Rakki-Inu Akita Rescue

All colors are accepted in the American Akita. The Pinto color and black masks, as seen in the American Akita, are not permitted in the Japanese Akita Inu. In the U.S., some breeders interbreed the original Japanese type with the heavier American type, which is larger, and allows more colors. It is felt by some that combining the two types leads to improved appearance and genetic health by increasing genetic diversity. It has often been commented that the Japanese Akita has an extraordinary elegance. There is only a single Akita breed registered by the American Kennel Club; in all other countries besides Canada the breed has been separated into two breeds: the Akita Inu and the American Akita.

Japanese Akita Inu vs. American Akita All colors are accepted in the American Akita. The Pinto color and black masks, as seen in the American Akita, are not permitted in the Japanese Akita Inu. In the U.S., some breeders interbreed the original Japanese type with the heavier American type, which is larger, and allows more colors. It is felt by some that combining the two types leads to improved appearance and genetic health by increasing genetic diversity. It has often been commented that the Japanese Akita has an extraordinary elegance. There is only a single Akita breed registered by the American Kennel Club; in all other countries besides Canada the breed has been separated into two breeds: the Akita Inu and the American Akita.

The American Akita featured in the center does not have a correct head or ear set. For correct conformation, please see the puppies below, shown with permission and courtesy of

Mike and Donna Bennett of Liberty Akitas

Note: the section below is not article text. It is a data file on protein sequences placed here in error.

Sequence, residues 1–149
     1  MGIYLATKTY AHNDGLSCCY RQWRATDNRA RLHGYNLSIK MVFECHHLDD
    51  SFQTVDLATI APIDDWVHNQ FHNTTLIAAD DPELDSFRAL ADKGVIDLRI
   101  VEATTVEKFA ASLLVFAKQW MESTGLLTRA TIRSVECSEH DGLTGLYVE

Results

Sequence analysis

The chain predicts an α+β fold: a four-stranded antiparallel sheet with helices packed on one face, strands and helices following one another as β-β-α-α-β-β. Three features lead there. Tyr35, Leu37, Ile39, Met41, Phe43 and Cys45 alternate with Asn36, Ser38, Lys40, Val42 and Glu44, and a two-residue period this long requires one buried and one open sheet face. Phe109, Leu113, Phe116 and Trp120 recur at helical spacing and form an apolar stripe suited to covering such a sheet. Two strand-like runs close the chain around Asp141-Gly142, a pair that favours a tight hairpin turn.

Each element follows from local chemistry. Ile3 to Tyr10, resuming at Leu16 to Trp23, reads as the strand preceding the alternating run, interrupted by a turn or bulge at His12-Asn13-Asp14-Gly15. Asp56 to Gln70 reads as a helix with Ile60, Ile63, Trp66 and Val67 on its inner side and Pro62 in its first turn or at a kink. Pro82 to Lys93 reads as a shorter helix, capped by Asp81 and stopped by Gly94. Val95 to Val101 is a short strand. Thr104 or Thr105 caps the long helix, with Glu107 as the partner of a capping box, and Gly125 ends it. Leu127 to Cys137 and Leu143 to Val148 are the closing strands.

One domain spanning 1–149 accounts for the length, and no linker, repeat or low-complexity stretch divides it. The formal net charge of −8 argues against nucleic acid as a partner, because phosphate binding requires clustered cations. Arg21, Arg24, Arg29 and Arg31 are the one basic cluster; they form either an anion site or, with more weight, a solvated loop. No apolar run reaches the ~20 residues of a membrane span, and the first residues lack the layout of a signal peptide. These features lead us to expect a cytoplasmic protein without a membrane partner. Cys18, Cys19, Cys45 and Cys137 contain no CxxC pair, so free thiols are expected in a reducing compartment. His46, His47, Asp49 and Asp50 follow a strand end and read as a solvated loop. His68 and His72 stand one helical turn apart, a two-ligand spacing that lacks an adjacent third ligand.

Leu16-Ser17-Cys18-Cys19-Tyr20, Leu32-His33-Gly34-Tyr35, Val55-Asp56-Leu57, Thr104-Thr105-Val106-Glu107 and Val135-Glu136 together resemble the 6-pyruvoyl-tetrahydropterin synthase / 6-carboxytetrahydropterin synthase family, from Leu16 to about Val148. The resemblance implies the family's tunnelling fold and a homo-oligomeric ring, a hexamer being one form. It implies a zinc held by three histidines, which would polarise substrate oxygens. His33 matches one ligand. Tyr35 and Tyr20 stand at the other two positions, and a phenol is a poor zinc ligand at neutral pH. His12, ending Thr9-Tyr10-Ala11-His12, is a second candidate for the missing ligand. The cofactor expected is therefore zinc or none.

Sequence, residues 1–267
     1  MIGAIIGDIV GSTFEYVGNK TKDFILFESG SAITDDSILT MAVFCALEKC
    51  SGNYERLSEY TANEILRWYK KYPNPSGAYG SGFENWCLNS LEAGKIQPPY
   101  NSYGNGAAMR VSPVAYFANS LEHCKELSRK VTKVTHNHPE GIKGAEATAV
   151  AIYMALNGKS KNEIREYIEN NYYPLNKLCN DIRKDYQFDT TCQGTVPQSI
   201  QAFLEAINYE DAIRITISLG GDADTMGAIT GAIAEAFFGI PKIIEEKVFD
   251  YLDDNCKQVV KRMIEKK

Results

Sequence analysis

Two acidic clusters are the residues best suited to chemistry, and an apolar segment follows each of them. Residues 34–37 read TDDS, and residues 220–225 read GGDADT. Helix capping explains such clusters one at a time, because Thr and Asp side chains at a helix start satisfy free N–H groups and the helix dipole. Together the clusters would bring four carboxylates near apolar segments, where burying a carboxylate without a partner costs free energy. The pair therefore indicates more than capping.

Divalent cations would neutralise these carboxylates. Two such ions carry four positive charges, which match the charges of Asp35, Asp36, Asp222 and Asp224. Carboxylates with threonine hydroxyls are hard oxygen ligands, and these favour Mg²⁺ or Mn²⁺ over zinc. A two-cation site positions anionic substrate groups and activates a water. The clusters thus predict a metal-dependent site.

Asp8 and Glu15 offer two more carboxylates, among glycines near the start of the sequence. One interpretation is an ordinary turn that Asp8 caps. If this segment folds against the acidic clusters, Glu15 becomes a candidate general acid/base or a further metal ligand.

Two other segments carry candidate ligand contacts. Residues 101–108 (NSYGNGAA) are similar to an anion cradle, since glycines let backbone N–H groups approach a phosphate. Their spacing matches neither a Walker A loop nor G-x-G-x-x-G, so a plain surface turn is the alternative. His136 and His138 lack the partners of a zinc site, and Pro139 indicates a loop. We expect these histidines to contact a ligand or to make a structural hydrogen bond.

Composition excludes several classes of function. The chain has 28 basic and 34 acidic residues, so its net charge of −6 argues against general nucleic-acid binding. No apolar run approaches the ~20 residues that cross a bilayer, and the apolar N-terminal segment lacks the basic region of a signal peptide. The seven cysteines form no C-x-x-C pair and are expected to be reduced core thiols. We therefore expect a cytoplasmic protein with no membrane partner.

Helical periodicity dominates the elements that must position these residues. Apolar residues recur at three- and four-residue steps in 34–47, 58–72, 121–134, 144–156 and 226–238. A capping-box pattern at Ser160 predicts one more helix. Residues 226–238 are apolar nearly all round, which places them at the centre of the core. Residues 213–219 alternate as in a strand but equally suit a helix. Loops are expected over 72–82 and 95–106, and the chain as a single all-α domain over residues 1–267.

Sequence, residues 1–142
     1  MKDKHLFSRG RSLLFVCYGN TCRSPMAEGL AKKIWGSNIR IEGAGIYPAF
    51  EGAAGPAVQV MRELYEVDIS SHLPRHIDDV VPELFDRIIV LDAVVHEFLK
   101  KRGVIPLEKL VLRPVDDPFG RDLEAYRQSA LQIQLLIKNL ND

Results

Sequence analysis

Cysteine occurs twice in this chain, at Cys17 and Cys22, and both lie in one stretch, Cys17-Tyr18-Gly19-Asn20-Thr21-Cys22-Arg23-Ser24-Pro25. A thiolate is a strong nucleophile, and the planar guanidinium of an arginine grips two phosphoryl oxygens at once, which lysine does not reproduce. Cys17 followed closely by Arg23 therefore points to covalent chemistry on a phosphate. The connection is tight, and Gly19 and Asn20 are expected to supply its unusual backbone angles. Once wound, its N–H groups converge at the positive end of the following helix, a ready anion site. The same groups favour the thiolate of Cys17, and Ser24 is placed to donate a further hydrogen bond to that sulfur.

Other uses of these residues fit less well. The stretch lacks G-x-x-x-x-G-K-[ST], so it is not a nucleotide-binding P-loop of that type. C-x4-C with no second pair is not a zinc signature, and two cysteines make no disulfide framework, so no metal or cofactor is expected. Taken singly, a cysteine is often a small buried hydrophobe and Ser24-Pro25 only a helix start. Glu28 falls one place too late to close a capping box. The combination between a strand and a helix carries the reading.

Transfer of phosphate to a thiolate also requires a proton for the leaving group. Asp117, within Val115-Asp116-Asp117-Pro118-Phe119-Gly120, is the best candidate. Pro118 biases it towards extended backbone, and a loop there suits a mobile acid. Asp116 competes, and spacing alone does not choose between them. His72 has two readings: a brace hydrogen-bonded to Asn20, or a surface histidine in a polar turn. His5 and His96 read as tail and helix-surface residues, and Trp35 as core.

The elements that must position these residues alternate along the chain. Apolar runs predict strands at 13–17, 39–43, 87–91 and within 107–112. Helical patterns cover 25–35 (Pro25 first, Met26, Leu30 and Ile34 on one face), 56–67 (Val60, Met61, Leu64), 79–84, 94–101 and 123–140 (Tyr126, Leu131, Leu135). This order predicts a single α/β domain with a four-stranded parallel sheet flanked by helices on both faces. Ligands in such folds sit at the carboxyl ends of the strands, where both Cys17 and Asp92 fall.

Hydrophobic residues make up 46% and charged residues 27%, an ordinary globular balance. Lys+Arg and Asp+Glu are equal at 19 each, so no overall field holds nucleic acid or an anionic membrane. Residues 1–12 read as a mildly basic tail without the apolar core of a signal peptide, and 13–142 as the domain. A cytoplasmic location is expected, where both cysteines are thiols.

Two male pups - Japanese on the left and American on the right (Liberty's Dr Feelgood)

These are two female akita pups - Japanese on the left and American on the right (CH. Liberty's La Te Da)

Japanese Akita Inu Standards

This square upright dog, one of two large breeds in Japan, is well balanced, with well-developed muscles and tendons. The skin is free of wrinkles and not loose. The male and female are clearly distinguishable from each other. Japanese Akitas are dignified, quick, and agile. Balance is very important in the overall picture of the dog. Because of efforts made to restore the breed to its origins, upon first glance, an oriental look must be evident, as well as an expression of intelligence and air of aloofness. The breed stands anywhere from 24–26 in (60–66 cm) at the withers. Females weigh anywhere from 70–100 lbs (30–45 kg) and males are 75–119 lbs (35–54 kg). The Akita Inu comes in only five colors: Red, Fawn, Sesame, Brindle, and Pure White. All except white must have whitish hair on the sides of the muzzle, on the cheeks, the neck, chest, body and tail.

According to the Japanese Akita Cub of America, the Akita Inu should be :